Keep Their Brains Sharp During Summer Break With Regular Science Projects
Studies have shown a noticeable decrease in a child's problem solving abilities and educational development after being away from school for a long period of time. It comes as no surprise that when children spend less time learning, there is a stunt in their intellectual growth. This is not to say that children cannot catch-up once they are back in school, because they can. But imagine how much better off your child would be if they were constantly learning, even in the summer months. Once fall came around again, you can imagine how much easier educational concepts would come to your child and how much of an advantage that child might have over his classmates.
Of course you want what is best for your child and you know that that includes life-long learning and constant growth and development during childhood, the most impressionable time of life. But sometimes a lack of imagination, time or effort makes continually teaching your child a challenge.
The simplest way to start is to find ways to introduce your young child to the way things work in the world around him. Teach your child to appreciate the natural world. Encourage them to ask questions like:
How do trees grow to be so tall?
How do you know if dinosaur really existed?
How to all the stars stay up in the sky and what are stars made of?
Why are there four seasons?
What makes it rain and where does rain come from?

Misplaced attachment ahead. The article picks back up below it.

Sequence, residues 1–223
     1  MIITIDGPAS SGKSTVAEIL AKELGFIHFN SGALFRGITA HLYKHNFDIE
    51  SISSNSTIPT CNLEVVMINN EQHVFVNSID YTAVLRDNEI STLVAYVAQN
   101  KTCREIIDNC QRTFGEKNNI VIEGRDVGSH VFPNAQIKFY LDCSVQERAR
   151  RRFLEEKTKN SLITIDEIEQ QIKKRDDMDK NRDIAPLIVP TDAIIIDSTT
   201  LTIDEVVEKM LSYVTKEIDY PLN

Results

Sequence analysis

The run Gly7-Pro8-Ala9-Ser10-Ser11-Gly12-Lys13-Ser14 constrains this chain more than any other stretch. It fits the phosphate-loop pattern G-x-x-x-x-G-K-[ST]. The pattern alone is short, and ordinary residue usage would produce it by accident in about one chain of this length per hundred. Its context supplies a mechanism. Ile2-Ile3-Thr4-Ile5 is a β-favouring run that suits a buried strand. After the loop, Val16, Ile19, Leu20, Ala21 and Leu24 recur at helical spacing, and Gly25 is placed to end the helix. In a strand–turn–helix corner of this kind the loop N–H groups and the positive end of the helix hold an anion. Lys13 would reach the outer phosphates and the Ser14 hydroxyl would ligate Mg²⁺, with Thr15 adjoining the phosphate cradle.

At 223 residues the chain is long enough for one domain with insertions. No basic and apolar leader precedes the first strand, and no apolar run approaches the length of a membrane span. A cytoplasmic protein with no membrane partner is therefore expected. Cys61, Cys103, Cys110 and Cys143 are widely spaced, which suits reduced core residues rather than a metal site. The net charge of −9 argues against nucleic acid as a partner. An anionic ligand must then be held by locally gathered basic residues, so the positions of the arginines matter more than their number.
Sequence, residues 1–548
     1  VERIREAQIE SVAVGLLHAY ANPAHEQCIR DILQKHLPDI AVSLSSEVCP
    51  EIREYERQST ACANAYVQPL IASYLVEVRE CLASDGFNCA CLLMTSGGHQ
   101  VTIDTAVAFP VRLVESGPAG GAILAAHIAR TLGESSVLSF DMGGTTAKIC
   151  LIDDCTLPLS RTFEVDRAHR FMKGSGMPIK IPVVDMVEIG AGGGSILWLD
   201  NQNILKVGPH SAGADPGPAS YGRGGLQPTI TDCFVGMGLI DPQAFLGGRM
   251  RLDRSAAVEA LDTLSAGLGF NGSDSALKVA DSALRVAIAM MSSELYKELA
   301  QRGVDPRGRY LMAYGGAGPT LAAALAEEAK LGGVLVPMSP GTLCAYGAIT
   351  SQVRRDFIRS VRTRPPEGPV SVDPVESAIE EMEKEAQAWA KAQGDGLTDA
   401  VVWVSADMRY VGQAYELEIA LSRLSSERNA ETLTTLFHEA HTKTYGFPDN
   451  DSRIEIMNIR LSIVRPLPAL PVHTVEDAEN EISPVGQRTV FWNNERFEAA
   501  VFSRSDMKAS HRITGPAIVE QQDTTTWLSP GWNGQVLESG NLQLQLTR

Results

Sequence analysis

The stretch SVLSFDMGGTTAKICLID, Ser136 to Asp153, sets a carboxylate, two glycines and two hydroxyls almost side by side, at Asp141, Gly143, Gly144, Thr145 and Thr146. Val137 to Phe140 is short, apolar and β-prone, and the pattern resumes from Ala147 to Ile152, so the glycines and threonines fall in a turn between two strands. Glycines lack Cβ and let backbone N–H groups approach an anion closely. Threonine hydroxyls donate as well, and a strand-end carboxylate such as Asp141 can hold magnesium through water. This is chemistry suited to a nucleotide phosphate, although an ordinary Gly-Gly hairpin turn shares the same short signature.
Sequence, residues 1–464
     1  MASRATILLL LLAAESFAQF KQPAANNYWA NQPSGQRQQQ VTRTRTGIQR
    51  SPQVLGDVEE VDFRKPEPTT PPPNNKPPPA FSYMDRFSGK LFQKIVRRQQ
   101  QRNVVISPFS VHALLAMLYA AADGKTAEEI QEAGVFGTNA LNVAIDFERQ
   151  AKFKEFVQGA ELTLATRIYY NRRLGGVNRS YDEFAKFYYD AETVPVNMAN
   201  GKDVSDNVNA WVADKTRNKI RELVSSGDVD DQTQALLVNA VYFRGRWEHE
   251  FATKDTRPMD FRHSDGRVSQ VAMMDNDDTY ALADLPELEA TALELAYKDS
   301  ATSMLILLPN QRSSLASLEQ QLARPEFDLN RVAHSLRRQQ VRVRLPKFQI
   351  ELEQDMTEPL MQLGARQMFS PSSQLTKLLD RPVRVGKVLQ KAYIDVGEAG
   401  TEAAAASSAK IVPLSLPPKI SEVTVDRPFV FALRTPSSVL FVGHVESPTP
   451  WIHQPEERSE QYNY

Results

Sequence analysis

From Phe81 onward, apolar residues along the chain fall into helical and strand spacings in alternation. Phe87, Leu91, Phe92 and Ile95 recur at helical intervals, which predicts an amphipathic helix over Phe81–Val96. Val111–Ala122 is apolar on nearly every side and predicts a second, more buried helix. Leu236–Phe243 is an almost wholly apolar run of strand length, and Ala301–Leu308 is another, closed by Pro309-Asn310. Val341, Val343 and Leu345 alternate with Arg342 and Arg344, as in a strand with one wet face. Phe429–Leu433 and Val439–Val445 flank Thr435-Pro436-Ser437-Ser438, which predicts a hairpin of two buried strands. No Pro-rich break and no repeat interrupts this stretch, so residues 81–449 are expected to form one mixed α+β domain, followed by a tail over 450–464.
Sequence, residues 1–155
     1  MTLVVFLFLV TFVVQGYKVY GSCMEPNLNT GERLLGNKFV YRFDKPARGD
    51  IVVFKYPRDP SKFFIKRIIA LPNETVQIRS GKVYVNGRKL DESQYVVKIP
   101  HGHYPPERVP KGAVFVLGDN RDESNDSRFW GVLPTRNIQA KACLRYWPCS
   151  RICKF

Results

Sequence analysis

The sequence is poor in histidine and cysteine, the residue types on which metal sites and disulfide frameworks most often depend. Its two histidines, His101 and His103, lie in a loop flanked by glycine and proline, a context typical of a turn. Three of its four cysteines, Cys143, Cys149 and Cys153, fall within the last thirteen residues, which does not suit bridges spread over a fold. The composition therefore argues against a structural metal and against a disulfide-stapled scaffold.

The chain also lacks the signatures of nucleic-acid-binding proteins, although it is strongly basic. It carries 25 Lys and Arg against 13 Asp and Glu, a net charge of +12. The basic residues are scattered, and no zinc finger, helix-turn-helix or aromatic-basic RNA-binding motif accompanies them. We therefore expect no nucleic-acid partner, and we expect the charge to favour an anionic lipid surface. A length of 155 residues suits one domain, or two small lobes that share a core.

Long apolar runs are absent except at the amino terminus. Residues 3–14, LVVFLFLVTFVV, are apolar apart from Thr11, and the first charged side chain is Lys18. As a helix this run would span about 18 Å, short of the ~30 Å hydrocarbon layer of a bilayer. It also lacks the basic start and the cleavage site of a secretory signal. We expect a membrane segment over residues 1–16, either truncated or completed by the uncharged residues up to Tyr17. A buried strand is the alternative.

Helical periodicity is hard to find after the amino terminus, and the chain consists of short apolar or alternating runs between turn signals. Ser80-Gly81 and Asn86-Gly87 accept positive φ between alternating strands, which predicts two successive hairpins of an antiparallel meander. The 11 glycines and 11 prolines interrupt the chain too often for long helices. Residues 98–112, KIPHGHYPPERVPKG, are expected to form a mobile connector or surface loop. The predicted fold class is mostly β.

Why do we have to have gravity?
And of course the list could go on and on. The point is that there are so many unanswered questions in the mind of a child that you have no time to waste, especially the three months when the kids are not in school. Encouraging your child to ask questions is a good way to be made aware of the concerns that they are having right now and that should narrow down your list of possible science projects that you can do together. You do not have to feel completely responsible for teaching every area of science and creating your own curriculum at home. That's going a bit overboard or at least expecting too much of yourself. Instead simply let your child be involved in suggesting what questions you decide to answer through doing a project. Doing this will help them to feel a sense of ownership over the project and will cause them to show even more interest in science. You benefit by having a simplified idea of what kind of information your child can handle at this point in their development. After all you do not want to discourage yourself and your child by trying to teach or illustrate concepts that are beyond both of your understanding.
About the Author: Just Science Projects is a well-known source for science projects and science experiments for kids. Just Science Projects features dozens of fun experiments and projects that teach science principles while showing them that science is fun! To get science projects and science fair ideas for your kids , visit us or call us at 206-498-6502.